Executive Director Michelle Paul explains how Capital IDEA Houston transforms lives. Capital IDEA Houston is a long-term job training program established by TMO.
Fighting wage theft on the community and parish level can be especially effective.
A big part of building any coalition is talking directly to people about their problems and really listening to them, said Jason Lowry, an organizer with the Valley Interfaith Project based in Phoenix.
"Once you figure out what the stories are, there are all kinds of ways you can pull together people who are willing to take action on it. It needs to be truly a grassroots effort."
Such actions also help congregations rethink their role locally, he says, and allow them to "reclaim turf."
Monica Dorcey, who has been a leader with Valley Interfaith Project for 15 years, recently worked with a network of churches in Phoenix to get more low-income people vaccinated.
In general, the basic tool for reaching people, according to Dorcey, is a neighborhood walk, going door-to-door, passing out flyers, setting up house meetings. "Even the ice cream lady who goes all over the neighborhood is involved. It creates a buzz in the neighborhood" as well as generating positive publicity, she said.
"If you don't rush through it, you can have a real conversation not just about what you're interested in, but about what else is going on. You can have opportunities for people to say what's on their mind," she said.
In the case of a topic like wage theft, "it's not something people readily talk about. You have to put yourself in a position where they can open up about it," Dorcey said.
If someone has complaints about some type of wage theft, the goal would be first to help the person "share their story in a clear, concise way." Then, she suggested, a delegation of parish members might approach the individual's employer.
"Say 'We don't expect our people to be treated that way. We respectfully ask you to rectify this situation.' Make it clear that this is something we're working on and we're not going away," she said.
If that happens, she added, "Word would get around. The church might become known as a place to go" to redress injustices.
[Photo Credit: CNS / Reuters / Mike Blake]
On This Labor Day, Advocating for Just Wages Means Fighting Company Theft, National Catholic Reporter [pdf]
Rev. Paul Skeith from SoCo Episcopal Community and Central Texas Interfaith (CTI) testified at the Travis County Commissioners Court to advocate that any private company receiving public tax subsidies from the county pay living wages, benefits, a career track, and strategy to hire locally. The Court subsequently adopted these and other worker safety measures as part of a package advocated by CTI congregations and member institutions including Workers Defense Project, LIUNA, and Central Texas Building Trades.
On Tuesday the Travis County Commissioners Court held a discussion on “Project Silicon Silver,” widely speculated to be the alias for chipmaking giant Samsung’s development contract. The discussion centered around acceptance of the preliminary application, along with a corresponding $150,000 fee paid out to the county by the developer.
The county is considering providing financial benefits in exchange for Samsung’s adherence to worker protection, wage, compensation, OSHA requirements and more.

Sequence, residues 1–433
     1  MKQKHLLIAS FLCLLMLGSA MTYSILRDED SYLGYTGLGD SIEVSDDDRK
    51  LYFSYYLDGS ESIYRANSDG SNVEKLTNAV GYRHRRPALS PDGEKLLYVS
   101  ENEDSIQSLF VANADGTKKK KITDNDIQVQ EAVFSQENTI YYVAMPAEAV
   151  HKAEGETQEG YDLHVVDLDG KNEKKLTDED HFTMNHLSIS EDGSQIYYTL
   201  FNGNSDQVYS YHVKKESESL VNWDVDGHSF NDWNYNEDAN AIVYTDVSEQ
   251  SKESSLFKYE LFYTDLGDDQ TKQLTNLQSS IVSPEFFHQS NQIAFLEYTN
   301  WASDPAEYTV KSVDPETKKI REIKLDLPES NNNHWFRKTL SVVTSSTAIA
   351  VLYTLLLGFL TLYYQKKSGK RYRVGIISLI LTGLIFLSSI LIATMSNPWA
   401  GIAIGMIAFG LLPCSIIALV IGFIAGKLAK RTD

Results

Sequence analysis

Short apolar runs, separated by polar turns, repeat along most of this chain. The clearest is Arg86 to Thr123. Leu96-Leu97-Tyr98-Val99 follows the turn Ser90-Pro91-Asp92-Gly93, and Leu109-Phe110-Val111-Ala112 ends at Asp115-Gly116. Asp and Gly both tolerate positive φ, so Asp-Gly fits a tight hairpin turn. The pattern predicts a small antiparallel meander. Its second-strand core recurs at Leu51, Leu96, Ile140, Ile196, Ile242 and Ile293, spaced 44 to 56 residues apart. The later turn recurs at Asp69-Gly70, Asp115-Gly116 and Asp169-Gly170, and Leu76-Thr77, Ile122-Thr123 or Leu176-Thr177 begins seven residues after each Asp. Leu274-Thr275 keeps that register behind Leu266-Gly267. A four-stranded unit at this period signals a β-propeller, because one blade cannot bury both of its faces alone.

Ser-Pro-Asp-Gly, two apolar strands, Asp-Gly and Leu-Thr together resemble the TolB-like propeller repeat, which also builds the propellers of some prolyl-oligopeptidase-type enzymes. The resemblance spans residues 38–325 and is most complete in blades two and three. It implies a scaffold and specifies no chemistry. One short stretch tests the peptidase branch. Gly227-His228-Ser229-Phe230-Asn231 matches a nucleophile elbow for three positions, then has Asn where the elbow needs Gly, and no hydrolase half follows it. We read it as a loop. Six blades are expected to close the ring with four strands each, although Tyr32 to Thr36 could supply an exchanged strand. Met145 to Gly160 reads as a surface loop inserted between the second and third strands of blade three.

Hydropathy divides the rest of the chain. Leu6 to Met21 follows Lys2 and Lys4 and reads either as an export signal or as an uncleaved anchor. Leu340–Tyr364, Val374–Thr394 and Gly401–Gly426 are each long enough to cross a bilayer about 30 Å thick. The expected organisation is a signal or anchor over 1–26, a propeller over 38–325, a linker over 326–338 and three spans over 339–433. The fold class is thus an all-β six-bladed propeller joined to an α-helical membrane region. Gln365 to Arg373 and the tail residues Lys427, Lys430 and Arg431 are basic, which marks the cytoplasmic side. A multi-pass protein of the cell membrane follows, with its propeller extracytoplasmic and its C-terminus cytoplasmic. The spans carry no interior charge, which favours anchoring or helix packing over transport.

Several citizen callers also stressed the need for county stipulations, including a living wage indexed to cost of living, local employee minimums and health insurance benefits for employees.
Father Paul Skeith of SoCo Episcopal Community advocated for all of the above issues, in addition to the opportunity for employees to rise within the company.
Jessica Wolff with Workers Defense Project highlighted the strengths of the development standards, citing the local hiring requirement, construction training requirement and anti-retaliation provisions, and called for the standards set in this policy to become the county norm.
”We recognize this is a great first step and there’s still more work to be done,” Wolff said.
A trio of sales tax measures to train San Antonio workers for new jobs, expand public transit and renew the city’s early childhood education program were passing by an overwhelming margin with a majority of the vote counted Tuesday night.
The workforce and VIA ballot measures had little organized opposition while the forces in favor had the backing of business leaders, heads of chambers of commerce and grassroots organization COPS/Metro. The two campaigns, plus the third to renew Pre-K 4 SA, spent more than $1.7 million to convince voters to pass all three measures.
The workforce proposal was COPS/Metro’s baby. The organization — which founded the workforce development program Project Quest more than 25 years ago — pushed City Council earlier this year to pump $75 million into workforce development as part of a $191 stimulus package and later put their weight behind the ballot measure.
On Wednesday night, COPS/Metro leaders felt vindicated — though they recognized the win likely wouldn’t have happened without the suffering and heavy toll wrought by the pandemic.
Sister Jane Ann Slater and Cathy McCoy, organizers with COPS/Metro Alliance, attended the small SA Ready to Work election night watch party at Augie’s Barbed Wire Smokehouse with Nirenberg. They saw the voters’ support as validation of the work done by Project Quest, a workforce development program founded by COPS/Metro that will serve as the model for the larger program.
To gain support for the ballot measure, the grassroots organization made a concerted effort to reach voters who may not have normally voted on local propositions – or at all, McCoy said.
“It was an educational process, I think,” Slater said. “We reached voters” by phone and in person.
[Photo Credit: Tom Reel/San Antonio Express-News]
San Antonio Voters Approve Ballot Measures for Workforce Development, Transit & Pre-K, San Antonio Express-News [pdf]
San Antonio Voters Give Thumbs-up to Workforce, Pre-K, and Transportation Ballot Measures, San Antonio Report [pdf]
San Antonio Report Reframes COPS/Metro Ballot Initiative as Opportunity to Celebrate Labor Day in November
About five years ago, COPS/Metro sought and won “living wage” minimum pay for City workers, resulting in raises for about 20 percent of the civilian workforce. They won similar measures from Bexar County, and some school districts followed suit.
Now two measures on the Nov. 3 ballot offer San Antonians the opportunity to again help lower-rung workers. Both involve a one-eighth-cent sales tax that for 20 years has provided funding to buy development rights to protect sensitive lands over the Edwards Aquifer recharge zone.